Monday, November 22, 2004

Swiff it Good?

This weekend I viewed a TV advertisement that was even more upsetting for me than the predictable Bridget Jones: Edge of Reason. Have I entered a time warp and am now living in 1955? Although I've seen this advertisement more than once, this weekend, the ad hit me like a brick in my ass. The ad is for the Swiffer Duster. In the ad, a thirtysomething woman maniacally dances around someone's house to the tune of Devo's "Whip It" which has been modified with the lyrics, "Swiff it Good." Because the ad revolves around the use of an 80's pop song, I know that I am the targeted demographic for this product. First of all, I think Swiffers kind of suck. I have one and actually find a paper towel with some Windex is a lot more effective. Aside from this, these are my problems with the Swiff it Good commercial:

1. I blame this type of televised propaganda for me being single. I mean, this commercial reinforces the stereotype that women love to clean. I have enough trouble cleaning my own house and would NEVER clean anyone else's house, even if I had the BEST cleaning tool ever. Yet, I've had at least two men break up with me because my apartment is not very clean. I don't like cleaning and I don't have much time for cleaning and this should show that I am a complex, fun, intelligent and interesting woman who would rather go out on the town than vacuum or do dishes. Most men, however, expect a woman to keep a neat and clean home and stupid ads like this reinforce this idea to men in my dating demographic. In fact, all the women that I know who spend time being clean and neat have boyfriends or husbands. I, however, agree with what Quentin Crisp once brilliantly said, "You should never clean where you live, because after four years, it doesn't get any dirtier." And if I ever meet somebody and we end up living together, I promise to pay for a cleaning service.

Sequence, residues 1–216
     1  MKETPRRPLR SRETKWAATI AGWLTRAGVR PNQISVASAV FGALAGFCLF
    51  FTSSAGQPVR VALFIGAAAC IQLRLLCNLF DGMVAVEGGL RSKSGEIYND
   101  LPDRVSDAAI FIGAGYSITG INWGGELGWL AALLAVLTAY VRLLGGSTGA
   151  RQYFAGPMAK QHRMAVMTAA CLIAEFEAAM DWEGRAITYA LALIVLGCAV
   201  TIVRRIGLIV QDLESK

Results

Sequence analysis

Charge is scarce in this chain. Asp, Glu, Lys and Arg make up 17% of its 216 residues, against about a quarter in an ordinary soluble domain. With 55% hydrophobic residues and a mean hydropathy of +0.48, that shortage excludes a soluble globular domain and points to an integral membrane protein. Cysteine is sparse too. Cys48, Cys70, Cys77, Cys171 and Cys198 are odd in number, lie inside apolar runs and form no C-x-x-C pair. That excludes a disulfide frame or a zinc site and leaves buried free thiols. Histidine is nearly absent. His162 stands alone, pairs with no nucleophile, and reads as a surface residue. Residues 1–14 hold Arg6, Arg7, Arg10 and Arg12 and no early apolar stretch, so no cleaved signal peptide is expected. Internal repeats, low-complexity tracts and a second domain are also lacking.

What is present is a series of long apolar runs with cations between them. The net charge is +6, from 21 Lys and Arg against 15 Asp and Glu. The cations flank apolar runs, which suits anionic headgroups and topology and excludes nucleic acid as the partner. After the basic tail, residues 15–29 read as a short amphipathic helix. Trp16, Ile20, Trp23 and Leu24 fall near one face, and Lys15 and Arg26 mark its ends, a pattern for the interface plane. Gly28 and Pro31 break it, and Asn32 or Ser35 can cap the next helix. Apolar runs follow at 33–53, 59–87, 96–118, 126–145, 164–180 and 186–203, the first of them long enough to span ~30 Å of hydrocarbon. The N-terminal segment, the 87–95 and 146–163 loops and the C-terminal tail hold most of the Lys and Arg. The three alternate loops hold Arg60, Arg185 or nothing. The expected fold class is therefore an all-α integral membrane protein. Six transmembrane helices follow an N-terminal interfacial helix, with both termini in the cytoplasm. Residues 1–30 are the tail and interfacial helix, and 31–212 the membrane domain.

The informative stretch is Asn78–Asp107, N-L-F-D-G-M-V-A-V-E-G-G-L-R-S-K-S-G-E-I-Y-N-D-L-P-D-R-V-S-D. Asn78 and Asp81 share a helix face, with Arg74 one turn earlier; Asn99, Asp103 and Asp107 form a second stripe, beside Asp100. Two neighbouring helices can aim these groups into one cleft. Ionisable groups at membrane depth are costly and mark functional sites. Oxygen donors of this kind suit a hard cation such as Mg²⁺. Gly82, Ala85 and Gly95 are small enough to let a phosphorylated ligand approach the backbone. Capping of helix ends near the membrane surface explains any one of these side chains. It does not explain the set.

2. Recently, I had a friend actually SEND OUT AN EVITE asking her friends to come and help her clean out her closet. For the past month, all three members on her invite list have been busy during the proposed time. I blame the Swiffer ad for making women think it is acceptable to actually INVITE friends over like it is some kind of party to help her clean her house. As I said in statement #1, I hate cleaning. If the ad would have shown a man cleaning some strange woman's house with the duster, I think sales would skyrocket. Proctor and Gamble could have shown the woman returning home and getting it on with the man for cleaning her house. Now, that would have been a good use of the song and a much better advertisement.

3. I have to confess, I never really liked the song "Whip It." I always thought it was boring. As for the use of 80's songs in advertisement, I preferred HP's use of the Cure's Pictures of You for the HP Digital Camera. I found that ad more resonant and relevant to my life and it made me want/need a digital camera more than I want a Swiffer duster. Sometimes I feel like my memories are as disposable as the dust on my TV screen.

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